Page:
The Virgin of Guadalupe

The Virgin of Guadalupe, 1531, cactus fiber fabric, Basilica of Our Lady of Guadalupe, Mexico City.

According to tradition, the Virgin appeared to Juan Diego, an Aztec convert to Christianity, several times in December of 1531. Speaking in Nahuatl she requested that a shrine to her be built for her on the hill where she appeared. The site was already considered a holy site of an Aztec mother goddess Tonantzin. When the archbishop requested proof of the sighting, the Virgin impressed her image on to his cloak and madeCastilian roses grow on top of the usually barren Tepeyac Hill. The cloak displayed in the Basilica of Our Lady of Guadalupe is said to be the tilma worn by Juan Diego in 1531. Our Lady of Guadalupe became Mexico's most popular religious symbol, and in the 19th century a rallying point for Mexico's independence struggle against Spain.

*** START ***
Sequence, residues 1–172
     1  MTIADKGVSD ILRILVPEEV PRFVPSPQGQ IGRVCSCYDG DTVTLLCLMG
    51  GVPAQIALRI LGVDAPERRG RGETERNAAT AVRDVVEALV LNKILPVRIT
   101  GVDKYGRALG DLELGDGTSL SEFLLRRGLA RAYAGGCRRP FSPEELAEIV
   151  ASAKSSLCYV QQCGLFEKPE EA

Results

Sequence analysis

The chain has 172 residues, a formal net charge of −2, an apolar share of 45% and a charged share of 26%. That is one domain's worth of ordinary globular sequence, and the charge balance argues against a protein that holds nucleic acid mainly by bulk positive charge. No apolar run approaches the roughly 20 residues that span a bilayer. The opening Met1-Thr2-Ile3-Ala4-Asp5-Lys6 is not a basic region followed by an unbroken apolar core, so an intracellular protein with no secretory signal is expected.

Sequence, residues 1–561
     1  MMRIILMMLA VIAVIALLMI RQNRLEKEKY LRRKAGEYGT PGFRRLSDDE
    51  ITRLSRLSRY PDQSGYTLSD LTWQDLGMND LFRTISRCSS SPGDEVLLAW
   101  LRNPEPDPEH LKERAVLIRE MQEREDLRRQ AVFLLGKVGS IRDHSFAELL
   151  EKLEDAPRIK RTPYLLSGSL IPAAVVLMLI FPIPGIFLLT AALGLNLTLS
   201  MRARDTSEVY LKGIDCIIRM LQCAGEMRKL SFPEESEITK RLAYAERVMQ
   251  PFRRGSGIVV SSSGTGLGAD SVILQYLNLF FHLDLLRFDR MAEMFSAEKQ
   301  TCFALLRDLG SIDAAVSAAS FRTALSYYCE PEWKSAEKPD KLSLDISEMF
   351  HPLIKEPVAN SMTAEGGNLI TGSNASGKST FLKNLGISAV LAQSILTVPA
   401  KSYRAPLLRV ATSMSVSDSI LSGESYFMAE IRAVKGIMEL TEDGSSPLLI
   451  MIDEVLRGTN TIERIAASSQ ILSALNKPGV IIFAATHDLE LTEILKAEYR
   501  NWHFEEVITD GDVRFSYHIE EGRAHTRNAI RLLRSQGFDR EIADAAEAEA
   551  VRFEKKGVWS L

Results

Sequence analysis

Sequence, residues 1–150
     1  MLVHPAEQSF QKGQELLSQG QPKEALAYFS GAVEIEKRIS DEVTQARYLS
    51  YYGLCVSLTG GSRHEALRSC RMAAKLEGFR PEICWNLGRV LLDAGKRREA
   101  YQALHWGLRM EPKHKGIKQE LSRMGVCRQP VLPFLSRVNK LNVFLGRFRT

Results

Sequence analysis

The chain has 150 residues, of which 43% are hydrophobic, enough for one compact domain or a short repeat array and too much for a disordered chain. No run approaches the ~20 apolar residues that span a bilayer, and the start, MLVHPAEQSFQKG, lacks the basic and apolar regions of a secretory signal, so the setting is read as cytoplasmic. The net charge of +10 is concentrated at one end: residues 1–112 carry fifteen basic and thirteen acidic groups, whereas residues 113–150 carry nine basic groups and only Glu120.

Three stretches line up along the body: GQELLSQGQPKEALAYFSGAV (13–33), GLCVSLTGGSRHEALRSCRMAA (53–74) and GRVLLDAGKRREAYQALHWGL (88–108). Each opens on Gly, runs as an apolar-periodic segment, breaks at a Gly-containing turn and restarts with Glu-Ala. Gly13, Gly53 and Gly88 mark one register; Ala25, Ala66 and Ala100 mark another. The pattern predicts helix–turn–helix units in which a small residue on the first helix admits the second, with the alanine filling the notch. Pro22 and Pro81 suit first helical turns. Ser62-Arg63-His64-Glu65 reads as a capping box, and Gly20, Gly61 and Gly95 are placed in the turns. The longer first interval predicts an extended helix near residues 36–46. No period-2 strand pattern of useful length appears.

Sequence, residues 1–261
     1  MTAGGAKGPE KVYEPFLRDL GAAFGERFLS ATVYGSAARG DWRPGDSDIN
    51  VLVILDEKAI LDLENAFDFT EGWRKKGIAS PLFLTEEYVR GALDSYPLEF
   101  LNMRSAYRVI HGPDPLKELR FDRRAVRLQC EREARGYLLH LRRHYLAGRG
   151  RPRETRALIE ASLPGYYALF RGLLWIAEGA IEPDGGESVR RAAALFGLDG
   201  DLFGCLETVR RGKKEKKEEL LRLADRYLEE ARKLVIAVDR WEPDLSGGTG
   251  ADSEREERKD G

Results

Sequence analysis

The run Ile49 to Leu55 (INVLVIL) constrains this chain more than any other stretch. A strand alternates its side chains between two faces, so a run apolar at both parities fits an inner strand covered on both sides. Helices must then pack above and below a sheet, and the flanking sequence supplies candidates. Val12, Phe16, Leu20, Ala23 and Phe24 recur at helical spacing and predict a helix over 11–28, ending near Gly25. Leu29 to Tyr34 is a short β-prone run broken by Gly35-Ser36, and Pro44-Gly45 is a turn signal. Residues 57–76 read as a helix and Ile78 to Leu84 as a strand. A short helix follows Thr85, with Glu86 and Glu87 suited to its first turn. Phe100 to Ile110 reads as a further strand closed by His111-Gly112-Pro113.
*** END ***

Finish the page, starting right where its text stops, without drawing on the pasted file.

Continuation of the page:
The Virgin of Guadalupe, 1531.

(verb) To change one's beliefs, practices, and self-identity to those of a religion. (noun) One who has changed his or her beliefs, practices, and self-identity to those of a religion.

Associated with a deity; exhibiting religious importance; set apart from ordinary (i.e. "profane") things.

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